For example, if you click on a hyper-link in your e-mail, the web page opens in a browser window. Your mail client and the browser are two separate apps and they run in their two separate processes. The click event causes Android platform to launch a new process so that it can instantiate the browser activity in the context of its own process. The same holds good for any other component in an application.

Let's step back for a moment and have a quick look on the start-up process. Like the most Linux based systems, at startup, the bootloader loads the kernel and starts the init process. The init then spawns the low level Linux processes called "daemons" e.g. android debug daemon, USB daemon etc. These daemons typically handle the low level hardware interfaces including radio interface.

Init process then starts a very interesting process called 'Zygote'. As the name implies it's the very beginning for the rest of the Android platform. This is the process which initializes the very first instance of Dalvik virtual machine and pre-loads all the common classed used by the application framework and the various apps. Then it starts listening on a socket interface for future requests to spawn off new vms for managing new app processes. On receiving a new request, it forks itself to create a new process which gets a pre-initialized vm instance.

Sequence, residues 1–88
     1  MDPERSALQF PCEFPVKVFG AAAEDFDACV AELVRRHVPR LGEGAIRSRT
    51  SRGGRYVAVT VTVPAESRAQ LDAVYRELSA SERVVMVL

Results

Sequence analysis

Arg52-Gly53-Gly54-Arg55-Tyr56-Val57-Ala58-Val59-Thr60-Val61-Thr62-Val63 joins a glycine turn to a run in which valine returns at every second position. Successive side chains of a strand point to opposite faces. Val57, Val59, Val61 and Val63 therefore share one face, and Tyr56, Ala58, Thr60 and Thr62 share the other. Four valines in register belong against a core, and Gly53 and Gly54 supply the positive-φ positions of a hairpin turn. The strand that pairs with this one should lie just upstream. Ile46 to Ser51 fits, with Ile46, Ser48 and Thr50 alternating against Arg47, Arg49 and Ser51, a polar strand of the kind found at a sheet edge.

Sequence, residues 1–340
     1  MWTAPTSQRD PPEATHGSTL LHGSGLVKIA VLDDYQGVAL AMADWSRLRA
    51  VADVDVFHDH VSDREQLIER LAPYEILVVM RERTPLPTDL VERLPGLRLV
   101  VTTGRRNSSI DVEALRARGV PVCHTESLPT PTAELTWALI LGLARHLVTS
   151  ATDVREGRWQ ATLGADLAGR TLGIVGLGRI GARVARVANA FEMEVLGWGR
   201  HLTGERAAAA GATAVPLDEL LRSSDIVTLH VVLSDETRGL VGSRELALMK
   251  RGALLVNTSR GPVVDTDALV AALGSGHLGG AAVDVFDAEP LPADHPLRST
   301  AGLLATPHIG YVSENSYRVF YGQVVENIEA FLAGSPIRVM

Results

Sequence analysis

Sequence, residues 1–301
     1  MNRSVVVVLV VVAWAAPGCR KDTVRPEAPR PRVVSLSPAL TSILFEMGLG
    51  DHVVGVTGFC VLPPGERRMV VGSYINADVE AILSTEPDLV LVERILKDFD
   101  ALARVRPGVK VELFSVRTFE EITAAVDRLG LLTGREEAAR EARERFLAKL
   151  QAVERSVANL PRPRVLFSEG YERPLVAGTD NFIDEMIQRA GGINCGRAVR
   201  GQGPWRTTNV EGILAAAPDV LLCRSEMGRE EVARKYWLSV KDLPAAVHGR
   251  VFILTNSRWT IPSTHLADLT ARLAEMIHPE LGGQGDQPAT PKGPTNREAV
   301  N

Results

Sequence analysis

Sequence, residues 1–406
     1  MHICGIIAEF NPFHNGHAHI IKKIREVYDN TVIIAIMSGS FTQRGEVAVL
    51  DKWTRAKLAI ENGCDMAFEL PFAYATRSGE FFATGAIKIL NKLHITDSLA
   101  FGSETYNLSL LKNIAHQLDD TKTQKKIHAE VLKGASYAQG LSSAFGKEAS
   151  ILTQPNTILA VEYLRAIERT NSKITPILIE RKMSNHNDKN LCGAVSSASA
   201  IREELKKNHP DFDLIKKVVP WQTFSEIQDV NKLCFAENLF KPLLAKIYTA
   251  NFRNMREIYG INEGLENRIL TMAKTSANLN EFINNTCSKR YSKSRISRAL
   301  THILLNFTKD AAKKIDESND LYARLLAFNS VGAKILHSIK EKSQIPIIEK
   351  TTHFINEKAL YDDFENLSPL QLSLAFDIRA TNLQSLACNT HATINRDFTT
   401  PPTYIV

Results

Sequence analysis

After zygote, init starts the runtime process. The zygote then forks to start a well managed process called system server. It starts all core platform services e.g activity manager service and hardware services in its own context. At this point the full stack is ready to launch the first app process - Home app which displays the home screen.

So many things happen behind the scene when a user clicks on an icon and a new application gets launched. Here is the full picture :

The click event gets translated into startActivity(intent) call which gets routed to startActivity(intent) call in ActivityManagerService through Binder IPC. The ActvityManagerService takes couple of actions -
  • The first step is to collect information about the target of the intent object. This is done by using resolveIntent() method on PackageManager object. PackageManager.MATCH_DEFAULT_ONLY and PackageManager.GET_SHARED_LIBRARY_FILES flags are used by default.
  • The target information is saved back into the intent object to avoid re-doing this step.
  • Next important step is to check if user has enough privileges to invoke the target component of the intent. This is done by calling grantUriPermissionLocked() method.
  • If user has enough permissions, ActivityManagerService checks if the target activity requires to be launched in a new task. The task creation depends on Intent flags such as FLAG_ACTIVITY_NEW_TASK and other flags such as FLAG_ACTIVITY_CLEAR_TOP.
  • Now, it's the time to check if the ProcessRecord already exists for the process.
If the ProcessRecord is null, the ActivityManager has to create a new process to instantiate the target component.

(Continued in part2...)

Monday, April 19, 2010

OSome Months ...

Days 3, 4 and 5 were equally eventful and I started the "OSome" week with great enthusiasm. I realized that recording daily events was soon going to be monotonous. It was like this :
while(1) {
on receiving INT_SLEEP : sleep_for_a_while();